Posts Tagged ‘Security Settings’

How to Safeguard Against Internet Explorer Vulnerability – December 2008

February 21st, 2013 No comments

A big story in most media at present confrims that Microsoft is desparately seeking a solution to a new problem in all versions Internet Explorer. This ‘vulnerability’ could allow hackers to do various nasty things such as log for passwords, install programs without your knowledge etc. It is said that only about 0.2% of computers are affected at present but if you would like to take precautions, read on:

1.  Make sure your Internet Explorer Security Settings are High

(a) Click on Tools, then from the menu that appears click on Internet Options and then click the Security tab

(b) Now and set Internet security to ‘High’ by sliding the button on the security slider

2.  Restricted User Accounts on your computer

Your PC can be set to run at different levels of security, changing what the computer allows you to do. Many computers have been set up with an ‘Administrator’ account for installing new programs, making system changes etc. and ‘User’ accounts for day to day use. If you have only one account and you don’t have to choose a username when you start using your computer you probably have an ‘Adminstrator’ account. This is very convenient but more prone to hacker activity.

If you are using Vista you will have noticed that some important actions such as installing or running new programs require a prompt from you. This is a safety precaution which is applied even if you are running an administrator account. This precaution does not happen in XP.

If you only have an administrator account, it is recommend that you set up a separate user account with restricted rights for every day use. If you would like to take this precaution and are not familiar with setting up user accounts, you will need to take advice from your computer support technician.

3.  Change your Internet Browser

Internet Explorer is not the only web browser, there are alternatives. Installing and running a new web browser is very straight forward.

John Studd

Antispyware Software Can Kill That Spy!

February 12th, 2013 3 comments

The one way to get a severe headache is to have your computer infested with spyware and adware. But if you understand what spyware means and take the necessary steps to detect, remove and prevent it you can be free from this headache before it turns chronic.

Spyware can imply many things – it could be browser parasites, data miners, malware, adware, software you didn’t ask for, homepage hijackers, Trojan horses, dialers etc. These thieves usually hit Microsoft Windows applications and Internet Explorer, since most people use them, leading to a system crash or some really strange behavior.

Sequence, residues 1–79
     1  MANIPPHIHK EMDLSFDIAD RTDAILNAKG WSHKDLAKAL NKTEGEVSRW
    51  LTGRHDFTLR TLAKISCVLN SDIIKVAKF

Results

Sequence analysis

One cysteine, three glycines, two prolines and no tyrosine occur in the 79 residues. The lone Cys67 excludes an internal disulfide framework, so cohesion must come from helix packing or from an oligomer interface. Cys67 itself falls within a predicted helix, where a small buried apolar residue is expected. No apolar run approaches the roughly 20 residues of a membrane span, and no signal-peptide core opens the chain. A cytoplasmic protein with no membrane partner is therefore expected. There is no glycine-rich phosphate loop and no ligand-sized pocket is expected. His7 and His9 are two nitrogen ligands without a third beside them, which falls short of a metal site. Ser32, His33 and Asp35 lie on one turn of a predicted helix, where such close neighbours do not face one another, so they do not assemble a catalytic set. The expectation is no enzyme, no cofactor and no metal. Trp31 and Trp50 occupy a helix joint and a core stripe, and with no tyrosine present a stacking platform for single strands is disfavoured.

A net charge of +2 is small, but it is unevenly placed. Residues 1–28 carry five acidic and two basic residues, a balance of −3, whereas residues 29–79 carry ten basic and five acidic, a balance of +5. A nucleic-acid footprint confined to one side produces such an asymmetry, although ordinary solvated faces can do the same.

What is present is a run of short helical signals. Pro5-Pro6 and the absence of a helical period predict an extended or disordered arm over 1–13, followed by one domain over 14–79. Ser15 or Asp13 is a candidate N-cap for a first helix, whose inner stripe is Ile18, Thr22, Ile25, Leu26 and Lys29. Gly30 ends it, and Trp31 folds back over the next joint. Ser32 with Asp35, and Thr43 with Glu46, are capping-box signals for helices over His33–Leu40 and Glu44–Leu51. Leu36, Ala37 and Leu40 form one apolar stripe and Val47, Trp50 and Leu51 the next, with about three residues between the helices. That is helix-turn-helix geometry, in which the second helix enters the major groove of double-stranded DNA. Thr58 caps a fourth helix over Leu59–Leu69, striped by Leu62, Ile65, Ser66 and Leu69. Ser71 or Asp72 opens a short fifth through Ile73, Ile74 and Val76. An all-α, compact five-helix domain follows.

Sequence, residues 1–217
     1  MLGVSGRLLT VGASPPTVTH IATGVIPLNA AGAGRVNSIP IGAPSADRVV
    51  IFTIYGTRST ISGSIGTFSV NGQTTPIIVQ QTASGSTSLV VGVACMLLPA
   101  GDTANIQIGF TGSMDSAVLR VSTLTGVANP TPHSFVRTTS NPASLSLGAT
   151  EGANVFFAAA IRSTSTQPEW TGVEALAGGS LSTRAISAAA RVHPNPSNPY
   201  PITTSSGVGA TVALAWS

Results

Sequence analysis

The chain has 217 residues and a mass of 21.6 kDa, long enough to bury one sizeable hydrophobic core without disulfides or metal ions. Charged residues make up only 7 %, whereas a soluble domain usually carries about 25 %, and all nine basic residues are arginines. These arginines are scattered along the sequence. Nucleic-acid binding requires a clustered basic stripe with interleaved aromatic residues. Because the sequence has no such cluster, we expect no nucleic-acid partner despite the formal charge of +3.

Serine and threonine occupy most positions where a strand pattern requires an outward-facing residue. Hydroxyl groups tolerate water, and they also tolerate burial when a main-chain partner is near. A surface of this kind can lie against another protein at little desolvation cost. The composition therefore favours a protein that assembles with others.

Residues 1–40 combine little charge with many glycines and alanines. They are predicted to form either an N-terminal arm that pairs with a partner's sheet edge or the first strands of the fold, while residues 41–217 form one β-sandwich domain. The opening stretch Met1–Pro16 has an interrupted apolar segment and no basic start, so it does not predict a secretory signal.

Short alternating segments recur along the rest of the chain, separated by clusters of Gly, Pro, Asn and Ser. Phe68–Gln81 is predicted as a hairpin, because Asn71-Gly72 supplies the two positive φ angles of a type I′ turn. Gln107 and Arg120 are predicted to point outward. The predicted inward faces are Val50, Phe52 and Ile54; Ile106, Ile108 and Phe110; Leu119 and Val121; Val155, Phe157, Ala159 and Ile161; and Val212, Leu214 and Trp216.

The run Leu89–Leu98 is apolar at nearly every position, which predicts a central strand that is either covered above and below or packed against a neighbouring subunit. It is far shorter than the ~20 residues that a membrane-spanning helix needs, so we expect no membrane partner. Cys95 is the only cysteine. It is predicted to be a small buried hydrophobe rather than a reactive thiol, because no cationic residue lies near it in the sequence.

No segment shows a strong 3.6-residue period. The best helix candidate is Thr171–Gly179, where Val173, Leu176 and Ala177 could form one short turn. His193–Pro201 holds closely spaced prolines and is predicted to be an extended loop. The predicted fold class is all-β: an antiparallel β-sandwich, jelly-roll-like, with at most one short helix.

But how did spyware get into your system in the first place? If you visited a website or looked at an html email message or if you clicked a pop up window, you are ‘it’. Your action would have automatically triggered off the download and installation of the spyware into your computer without your knowledge. Something you clicked would have been conveyed as ‘I do’ to the spyware vendor. After all, it cheats. This way of misleading you into getting that tracking software called spyware installed in your computer is referred to as a drive-by download. It is one of the commonest ways of tricking pc users to accept spyware if they do not have real-time antispyware protection installed.

Arresting The Damage With Antispyware

That spyware which sneaked into your computer can alter your browser and security settings. Some adware vendors just collect your browsing information so that they can bombard you with their product ads.

Adware spyware usually tracks your Internet browsing actions in the machine where they install themselves. They then have a way of conveying the information they collect back to the people who installed the adware so they can use it for commercial gain. They use it themselves, or sell it to others. These people in turn assume what your interests are through the information they collect and display a barrage of ads through the computer where they install their adware.

Spyware vendors pay software vendors to bundle in their spyware software so that they can get into users system. Some spyware vendors get into your system through the low security settings in your Internet browser. For each spyware installation they mark it with a tracking number so that they can trace your information, helping them to update their database on an ongoing basis.

Antispyware has become an essential part of a computer just like antivirus software. The adware that installs itself in our systems without our approval usually come up as popup windows or sleazy banner advertisements integrated into some totally irrelevant program. Antispyware programs and adware removal tools can detect, remove and also provide prevention measures.